Saturday, November 24, 2012

The Polariod Land Camera -- Results Are In

I've shot all of the film I bought for the Polaroid Land Camera I bought this past summer.  The first batch was taken in October on the Great River Road in Illinois.  We drove the road up to Grafton and Pere Marquette State Park, took the Brussels' Ferry to Brussels, Illinois (imagine that) and stopped (but didn't eat) at the Whittmond Hotel.

Some pictures developed better than others.  Temperature and duration of development are key, I think.  Also, sun positioning, as I learned later on.  Another thing I will note about developing Polaroid Land Camera pictures -- it's messy.  You'll get the develoment chemicals on your hands.  They're not dangerous, but bring a rag or paper towel to wipe you hands off.  Also, I don't recommend stacking the pictures, even days after they've been taken.  They have a tendency to stick together.

This first picture was taken by my son at the Piasa Bird painted on the bluffs of the Great River Road.  I'll add that framing with a Land Camera can be a challenge.  What you see in the viewfinder is definitely not necessarily what will appear in the photo.

Pere Marquette State Park

Below is a demonstration of what not to do with a Land Camera (really, any camera, I guess).  I'd forgotten about sun positioning when shooting with film.  I think digital is a little more forgiving.  The sun was to our right in the background, so the foreground showed up dark.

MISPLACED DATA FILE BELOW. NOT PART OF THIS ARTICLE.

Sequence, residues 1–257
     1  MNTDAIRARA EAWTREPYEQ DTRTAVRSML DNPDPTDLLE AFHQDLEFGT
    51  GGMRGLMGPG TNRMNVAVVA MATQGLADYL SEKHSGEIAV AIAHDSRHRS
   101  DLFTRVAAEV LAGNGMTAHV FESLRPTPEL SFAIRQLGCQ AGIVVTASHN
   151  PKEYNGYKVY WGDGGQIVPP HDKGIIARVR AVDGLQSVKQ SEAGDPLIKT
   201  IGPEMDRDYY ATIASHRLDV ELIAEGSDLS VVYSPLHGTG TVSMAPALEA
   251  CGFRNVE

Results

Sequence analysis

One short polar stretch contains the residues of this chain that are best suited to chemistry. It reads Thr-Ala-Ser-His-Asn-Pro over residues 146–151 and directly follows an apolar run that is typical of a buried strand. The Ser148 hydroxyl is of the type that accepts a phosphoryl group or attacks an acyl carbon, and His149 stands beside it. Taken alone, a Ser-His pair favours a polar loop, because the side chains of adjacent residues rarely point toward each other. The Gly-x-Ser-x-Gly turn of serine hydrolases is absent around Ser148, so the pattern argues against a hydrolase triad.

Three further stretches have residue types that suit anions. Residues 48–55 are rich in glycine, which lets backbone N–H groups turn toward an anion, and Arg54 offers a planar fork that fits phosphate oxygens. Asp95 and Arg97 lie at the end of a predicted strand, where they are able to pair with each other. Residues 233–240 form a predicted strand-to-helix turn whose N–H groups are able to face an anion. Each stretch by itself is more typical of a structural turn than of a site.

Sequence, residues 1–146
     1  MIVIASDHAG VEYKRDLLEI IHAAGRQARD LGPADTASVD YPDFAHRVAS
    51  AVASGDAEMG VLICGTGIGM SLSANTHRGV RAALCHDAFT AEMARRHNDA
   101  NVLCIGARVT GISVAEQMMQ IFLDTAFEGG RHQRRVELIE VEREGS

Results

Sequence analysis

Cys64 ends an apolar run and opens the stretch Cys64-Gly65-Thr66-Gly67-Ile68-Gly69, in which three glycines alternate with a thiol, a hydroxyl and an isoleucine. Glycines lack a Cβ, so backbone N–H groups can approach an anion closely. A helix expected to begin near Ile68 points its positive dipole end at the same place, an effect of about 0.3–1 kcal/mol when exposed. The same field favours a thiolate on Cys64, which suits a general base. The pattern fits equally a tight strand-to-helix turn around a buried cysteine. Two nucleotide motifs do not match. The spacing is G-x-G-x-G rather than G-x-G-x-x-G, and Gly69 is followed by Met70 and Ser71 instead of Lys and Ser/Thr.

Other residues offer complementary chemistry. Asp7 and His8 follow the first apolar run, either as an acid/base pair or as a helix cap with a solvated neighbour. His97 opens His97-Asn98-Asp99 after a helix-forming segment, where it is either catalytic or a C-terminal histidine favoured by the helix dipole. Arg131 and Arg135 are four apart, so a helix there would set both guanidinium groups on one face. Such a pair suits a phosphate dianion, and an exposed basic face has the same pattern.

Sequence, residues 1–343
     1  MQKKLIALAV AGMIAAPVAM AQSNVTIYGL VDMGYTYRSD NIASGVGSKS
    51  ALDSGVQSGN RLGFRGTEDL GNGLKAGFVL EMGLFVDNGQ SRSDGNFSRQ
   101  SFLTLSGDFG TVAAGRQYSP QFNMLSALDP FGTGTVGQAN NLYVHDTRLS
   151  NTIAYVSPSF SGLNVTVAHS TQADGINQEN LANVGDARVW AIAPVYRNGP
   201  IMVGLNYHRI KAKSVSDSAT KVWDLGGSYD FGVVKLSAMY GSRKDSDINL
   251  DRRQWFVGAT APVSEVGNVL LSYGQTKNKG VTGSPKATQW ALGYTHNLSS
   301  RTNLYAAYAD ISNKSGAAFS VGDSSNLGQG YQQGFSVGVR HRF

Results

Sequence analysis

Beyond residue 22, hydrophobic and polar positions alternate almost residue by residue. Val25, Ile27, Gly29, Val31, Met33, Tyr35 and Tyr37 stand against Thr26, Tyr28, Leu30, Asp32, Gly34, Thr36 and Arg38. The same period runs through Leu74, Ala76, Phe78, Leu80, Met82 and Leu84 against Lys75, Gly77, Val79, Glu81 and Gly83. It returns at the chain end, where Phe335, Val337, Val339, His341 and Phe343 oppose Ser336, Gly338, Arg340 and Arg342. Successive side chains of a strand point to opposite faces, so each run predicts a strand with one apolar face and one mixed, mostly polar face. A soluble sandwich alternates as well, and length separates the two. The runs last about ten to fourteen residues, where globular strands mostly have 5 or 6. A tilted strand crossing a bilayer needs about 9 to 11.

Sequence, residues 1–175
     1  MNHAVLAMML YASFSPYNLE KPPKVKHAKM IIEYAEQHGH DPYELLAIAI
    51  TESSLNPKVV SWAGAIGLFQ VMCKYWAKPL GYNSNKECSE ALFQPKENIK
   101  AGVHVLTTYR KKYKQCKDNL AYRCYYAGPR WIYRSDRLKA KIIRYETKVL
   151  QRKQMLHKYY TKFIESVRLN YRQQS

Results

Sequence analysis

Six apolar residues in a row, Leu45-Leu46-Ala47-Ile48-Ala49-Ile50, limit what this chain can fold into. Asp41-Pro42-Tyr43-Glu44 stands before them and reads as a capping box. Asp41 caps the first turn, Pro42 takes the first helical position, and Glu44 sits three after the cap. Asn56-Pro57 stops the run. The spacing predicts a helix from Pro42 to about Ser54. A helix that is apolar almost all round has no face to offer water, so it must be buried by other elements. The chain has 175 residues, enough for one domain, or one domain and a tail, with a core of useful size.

The Brussels' Ferry.  The two ferries are a little hard to see in the distance.  I was trying to capture the dance they perform when exchanging sides of the river.  It's a different experience taking a car on the ferry and the kids loved it.  Unfortunately, there's not a lot to do when you get to the other side and in fact, many people turn right around and take the ferry back.  It's more of a novelty for most people and honestly, I'm surprised the state continues to operate it at no charge.

One thing you can do in Brussels is eat at the Whittmond Hotel.  However, in the Fall particularly, you'd better have reservations.

I shot the remainder of the film this past week.  We were at Meert's Tree Farm in Festus, Missouri picking our Christmas Tree.  Yes, I know it's early, but the kids couldn't wait.  And cutting a fresh tree, as long as you keep it watered, should guarantee green through the holidays.  It was cold, about 44 degrees.  Recommended shooting temperature for Polaroid pictures is above 65 degrees.  Below that, you use a Cold Clip.  The color was muted and the picture also had a strange anomaly on the left side where it appeared the coloring had lifted off when I peeled the development paper back.  I'm not sure if this was a flaw in the film or due to the cold.  It continued in the picture after that as well.

This final picture was taken the day prior when the temperature was a little warmer in the 60's.  A Bradford Pear tree in our side yard in it's full Fall glory.

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